A Jewel of Mughal India: The Mausoleum of I'timad Ud-Daulah (Ex Oriente Lux Series)
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At Agra (India) rises a white marble mausoleum whose walls are studded with encrustations of semi-precious stones and decorated with exquisite and refined paintwork. Though less renowned than the celebrated Taj Mahal (1632-43), the mausoleum of I'timad ud-Daulah is nevertheless one of the undisputed gems of seventeenth-century Mughal art. The mausoleum was erected at the end of emperor Jahangir's reign (1605-27) and completed in 1628. Jahangir's wife, Nur Jahan, built it to shelter the mortal remains of her father, Mirza Ghiyas Beg, and of her mother. Originally from Persia, Mirza Ghiyas Beg was appointed to the service ofemperor Akbar. With the accession to the throne of Jahangir and through the marriage of the emperor to his daughter, Nur Jahan, Mirza Ghiyas Beg's power and influence kept growing. Besides being appointed chief Minister, Mirza Ghiyas Beg was also honored with the prestigious title of I'timad ud-Daulah, "the Pillar of the State". As a precursor of the Taj Mahal the mausoleum of I'timad ud-Daulah shows a certain number of architectural or decorative biases which were to enjoy great favor under the reign of the Mughals. Among them are the white marble facing covering the total surface of the structure, the corner turrets that turn into minarets, the profusion of the encrustations displaying striking polychrome inlays on the opalescent whiteness of the walls, and the predilection for bouquets and floral motifs fraught with paradisiac symbolism. Built in the midst of a large symmetrical garden planned according to the Persian model of the quadripartite garden, the mausoleum projects toward the sky its four corner towers topped by small kiosks. The external walls are decorated with delicate encrustations of polychrome stones of different size and nature--onyx, jasper, topaz, agate or carnelian--featuring boughs, vine branches, flowers, cypress trees, vases and jugs, or reproducing endless geometrical patterns, herringbone motifs, or hexagonal stars. Even more spectacular the mausoleum's internal ornamentation combines paintwork and stone inlays. Walls, ceilings and niches are decorated with mural paintings and with painted or carved stucco reliefs in a combination of vivid colours in which ochres, reds and greens predominate. Painted motifs reproduce trees of different species, vases filled with flowers and leaves, vine branches and bunches of grapes, but also bowls overflowing with fruit and trays filled with pomegranates -- motifs representing as many symbols, metaphors and visual counterpoints to the Koranic descriptions recalling the delights of the Garden of Eden.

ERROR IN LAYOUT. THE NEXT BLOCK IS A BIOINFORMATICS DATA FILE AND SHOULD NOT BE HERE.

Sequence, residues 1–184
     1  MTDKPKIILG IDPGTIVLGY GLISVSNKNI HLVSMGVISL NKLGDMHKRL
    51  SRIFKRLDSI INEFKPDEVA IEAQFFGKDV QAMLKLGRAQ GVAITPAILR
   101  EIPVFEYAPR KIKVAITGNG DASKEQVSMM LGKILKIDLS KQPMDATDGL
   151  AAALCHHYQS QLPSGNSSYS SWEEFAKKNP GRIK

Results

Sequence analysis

Amina Okada is curator of the Indian collections of Musee National desArts Asietiques-Guimet.